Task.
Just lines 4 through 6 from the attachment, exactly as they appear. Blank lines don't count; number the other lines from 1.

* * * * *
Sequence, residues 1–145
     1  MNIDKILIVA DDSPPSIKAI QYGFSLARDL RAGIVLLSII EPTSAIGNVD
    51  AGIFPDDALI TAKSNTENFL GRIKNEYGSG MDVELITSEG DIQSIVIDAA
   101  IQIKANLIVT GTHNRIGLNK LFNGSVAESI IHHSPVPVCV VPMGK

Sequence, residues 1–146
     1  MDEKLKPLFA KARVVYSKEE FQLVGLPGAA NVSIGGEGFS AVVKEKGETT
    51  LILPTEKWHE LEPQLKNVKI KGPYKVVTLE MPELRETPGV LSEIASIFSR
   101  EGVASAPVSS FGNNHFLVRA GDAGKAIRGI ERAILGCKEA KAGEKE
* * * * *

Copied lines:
   101  IQIKANLIVT GTHNRIGLNK LFNGSVAESI IHHSPVPVCV VPMGK

Sequence, residues 1–146
     1  MDEKLKPLFA KARVVYSKEE FQLVGLPGAA NVSIGGEGFS AVVKEKGETT